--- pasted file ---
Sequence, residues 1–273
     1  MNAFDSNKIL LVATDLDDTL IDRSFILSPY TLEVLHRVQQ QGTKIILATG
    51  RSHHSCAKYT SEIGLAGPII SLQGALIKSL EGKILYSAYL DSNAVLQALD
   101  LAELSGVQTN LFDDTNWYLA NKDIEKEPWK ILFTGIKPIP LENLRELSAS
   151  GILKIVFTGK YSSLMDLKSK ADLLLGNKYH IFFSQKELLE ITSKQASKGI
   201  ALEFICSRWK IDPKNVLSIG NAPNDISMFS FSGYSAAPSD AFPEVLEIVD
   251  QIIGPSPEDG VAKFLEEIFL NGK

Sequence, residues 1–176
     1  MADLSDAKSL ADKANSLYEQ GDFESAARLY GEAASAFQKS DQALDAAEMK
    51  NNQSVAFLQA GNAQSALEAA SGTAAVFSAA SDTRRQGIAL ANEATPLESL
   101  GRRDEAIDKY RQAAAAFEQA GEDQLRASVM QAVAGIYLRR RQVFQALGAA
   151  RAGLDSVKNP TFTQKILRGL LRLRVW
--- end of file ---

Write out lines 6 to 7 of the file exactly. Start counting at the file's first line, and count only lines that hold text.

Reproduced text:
   201  ALEFICSRWK IDPKNVLSIG NAPNDISMFS FSGYSAAPSD AFPEVLEIVD
   251  QIIGPSPEDG VAKFLEEIFL NGK